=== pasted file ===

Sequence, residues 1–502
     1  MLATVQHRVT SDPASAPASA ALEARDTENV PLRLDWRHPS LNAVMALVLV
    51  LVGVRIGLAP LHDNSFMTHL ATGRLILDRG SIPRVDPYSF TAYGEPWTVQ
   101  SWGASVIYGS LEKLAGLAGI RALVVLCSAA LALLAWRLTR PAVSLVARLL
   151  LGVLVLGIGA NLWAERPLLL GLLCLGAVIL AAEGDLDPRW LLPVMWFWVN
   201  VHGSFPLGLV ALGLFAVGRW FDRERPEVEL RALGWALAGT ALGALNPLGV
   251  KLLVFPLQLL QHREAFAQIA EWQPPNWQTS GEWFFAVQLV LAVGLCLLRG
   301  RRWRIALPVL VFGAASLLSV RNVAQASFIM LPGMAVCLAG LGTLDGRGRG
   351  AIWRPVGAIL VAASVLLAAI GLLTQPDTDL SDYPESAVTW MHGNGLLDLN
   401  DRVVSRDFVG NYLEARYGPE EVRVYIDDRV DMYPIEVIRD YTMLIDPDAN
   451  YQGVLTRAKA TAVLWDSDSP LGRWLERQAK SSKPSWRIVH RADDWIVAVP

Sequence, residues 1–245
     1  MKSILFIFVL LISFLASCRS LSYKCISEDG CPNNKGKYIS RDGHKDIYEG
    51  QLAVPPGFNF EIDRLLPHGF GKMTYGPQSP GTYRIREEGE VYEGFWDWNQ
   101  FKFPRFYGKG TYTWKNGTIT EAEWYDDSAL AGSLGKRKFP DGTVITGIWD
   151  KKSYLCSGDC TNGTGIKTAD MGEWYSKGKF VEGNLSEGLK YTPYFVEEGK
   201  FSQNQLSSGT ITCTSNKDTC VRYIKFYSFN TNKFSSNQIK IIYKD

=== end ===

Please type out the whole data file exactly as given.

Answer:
Sequence, residues 1–502
     1  MLATVQHRVT SDPASAPASA ALEARDTENV PLRLDWRHPS LNAVMALVLV
    51  LVGVRIGLAP LHDNSFMTHL ATGRLILDRG SIPRVDPYSF TAYGEPWTVQ
   101  SWGASVIYGS LEKLAGLAGI RALVVLCSAA LALLAWRLTR PAVSLVARLL
   151  LGVLVLGIGA NLWAERPLLL GLLCLGAVIL AAEGDLDPRW LLPVMWFWVN
   201  VHGSFPLGLV ALGLFAVGRW FDRERPEVEL RALGWALAGT ALGALNPLGV
   251  KLLVFPLQLL QHREAFAQIA EWQPPNWQTS GEWFFAVQLV LAVGLCLLRG
   301  RRWRIALPVL VFGAASLLSV RNVAQASFIM LPGMAVCLAG LGTLDGRGRG
   351  AIWRPVGAIL VAASVLLAAI GLLTQPDTDL SDYPESAVTW MHGNGLLDLN
   401  DRVVSRDFVG NYLEARYGPE EVRVYIDDRV DMYPIEVIRD YTMLIDPDAN
   451  YQGVLTRAKA TAVLWDSDSP LGRWLERQAK SSKPSWRIVH RADDWIVAVP

Sequence, residues 1–245
     1  MKSILFIFVL LISFLASCRS LSYKCISEDG CPNNKGKYIS RDGHKDIYEG
    51  QLAVPPGFNF EIDRLLPHGF GKMTYGPQSP GTYRIREEGE VYEGFWDWNQ
   101  FKFPRFYGKG TYTWKNGTIT EAEWYDDSAL AGSLGKRKFP DGTVITGIWD
   151  KKSYLCSGDC TNGTGIKTAD MGEWYSKGKF VEGNLSEGLK YTPYFVEEGK
   201  FSQNQLSSGT ITCTSNKDTC VRYIKFYSFN TNKFSSNQIK IIYKD